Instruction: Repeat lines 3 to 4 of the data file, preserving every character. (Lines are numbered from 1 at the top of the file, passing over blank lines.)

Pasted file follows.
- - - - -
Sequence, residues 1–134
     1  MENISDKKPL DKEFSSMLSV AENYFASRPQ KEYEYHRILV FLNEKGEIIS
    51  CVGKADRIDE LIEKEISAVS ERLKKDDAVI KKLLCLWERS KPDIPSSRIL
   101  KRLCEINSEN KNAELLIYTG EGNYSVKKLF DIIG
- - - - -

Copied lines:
    51  CVGKADRIDE LIEKEISAVS ERLKKDDAVI KKLLCLWERS KPDIPSSRIL
   101  KRLCEINSEN KNAELLIYTG EGNYSVKKLF DIIG